By now my body has been rendered lethargic, almost a trance like state of mind. That is the power of music, it’s impact on the body – one of the most important factors that sound offers. We go deeper, still, into the just barely swirling Till Minne Av (prototype), and at twenty-three minutes there is plenty of time to slow your world to a humming crawl. It’s like watching honey being poured in slow motion. By the end of this luminous work it is as though two bodies are parting, maybe humans, maybe parts of a spacecraft moving deeper into the astral plain. The tension is the way in which it boggles you mind if you think too hard, remember, this is far more experiential than a typical song structure.

To close out the proceedings Knight’s Pink Pamphlet 5 emerges like a bit of a mutation on the whole, with reversal loops and other slight effects that are, well, very effective. These new manipulations, common on many other records floating out there in the ether, seems to pop here given the otherwise sleep concert-like style and flow, and just by adding these tweaks and almost Hawaiian rhythms on the final act seems unique. Like a big breath, like moving from one defined temperature/setting to another. Actually after the title track, this, to these ears, is the other standout on the record. It drifts in the way Vangelis’ soundtrack for Blade Runner did so lucidly. But Knight one-ups the old master with the most nuanced sonic manipulation, smooth and delusional, kind of like what you’d imagine an embryonic state to sound like. A sleeper.

‹‹ Nutida Musik (Tim Rutherford-Johnson) ››

The double CD Fly By Night by Brooklyn-based Swedish composer Adrian Knight is hard to grasp. This is music whose every corner, every edge has been sanded down to a thin cloud of dust. Its resonant washes of electric guitar, gently articulated melodies and nostalgic harmonies are attractive, but there is little at first for the critical ear to grip onto. (Although 90s kids like me will appreciate the distant echoes of shoegaze bands like My Bloody Valentine and Seefeel, as well as the dark comedown of Aphex Twin’s Selected Ambient Works Volume II.) I started with the titles. Two, Pink Pamphlet 4 and Pink Pamphlet 5 are evidently part of an ongoing series (Pink Pamphlet 2, for example, appears on Knight’s 2011 release Time of My Life). Two more – Comblé and Till Minne Av – carry the subtitle ‘prototype’. And one, Abide with Me, is named after a well-known hymn.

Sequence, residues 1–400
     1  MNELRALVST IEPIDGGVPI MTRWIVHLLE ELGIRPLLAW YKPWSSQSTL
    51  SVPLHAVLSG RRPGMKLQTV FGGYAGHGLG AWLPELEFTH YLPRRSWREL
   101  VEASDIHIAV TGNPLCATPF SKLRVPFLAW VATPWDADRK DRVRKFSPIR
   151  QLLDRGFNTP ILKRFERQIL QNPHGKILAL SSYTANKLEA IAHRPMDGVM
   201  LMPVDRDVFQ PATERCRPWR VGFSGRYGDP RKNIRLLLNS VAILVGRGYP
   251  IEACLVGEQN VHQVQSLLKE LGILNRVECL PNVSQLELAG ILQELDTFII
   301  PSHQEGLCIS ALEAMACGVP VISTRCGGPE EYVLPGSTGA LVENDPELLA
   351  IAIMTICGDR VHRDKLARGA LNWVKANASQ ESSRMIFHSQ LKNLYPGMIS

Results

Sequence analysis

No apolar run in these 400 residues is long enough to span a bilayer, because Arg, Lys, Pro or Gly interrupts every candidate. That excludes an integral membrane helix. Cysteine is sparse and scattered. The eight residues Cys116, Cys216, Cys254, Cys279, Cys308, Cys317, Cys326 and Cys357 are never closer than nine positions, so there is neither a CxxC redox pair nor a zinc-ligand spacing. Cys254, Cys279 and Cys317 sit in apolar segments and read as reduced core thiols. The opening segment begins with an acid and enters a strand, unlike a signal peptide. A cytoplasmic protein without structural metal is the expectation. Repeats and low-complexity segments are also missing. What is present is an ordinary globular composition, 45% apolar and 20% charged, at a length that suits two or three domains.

The two prototypes offer a clue. Knight describes the whole of Fly By Night as a collection of ‘odds and ends, sketches, ideas and studies’ gathered and documented through home recordings. Comblé and Till Minne Av would eventually become fully notated orchestral pieces, and many of the tracks here are reverberations or pre-echoes of other works in Knight’s catalogue. But that is not to say that these are ephemeral or half-formed: the notion of transcribing, capturing and transforming fleeting moments is a part of Knight’s working process; every gestational stage is a valid part of the music’s life journey. Abide with Me, another track with a life as a notated instrumental score, began as an improvisation on the famous hymn tune ‘Eventide’ by William Henry Monk (and released on Time of My Life), which Knight then transcribed into a work for solo piano. The incarnation here for guitar is played at half speed, draped – like so much of the album – in loops of reverb and harmonic drone.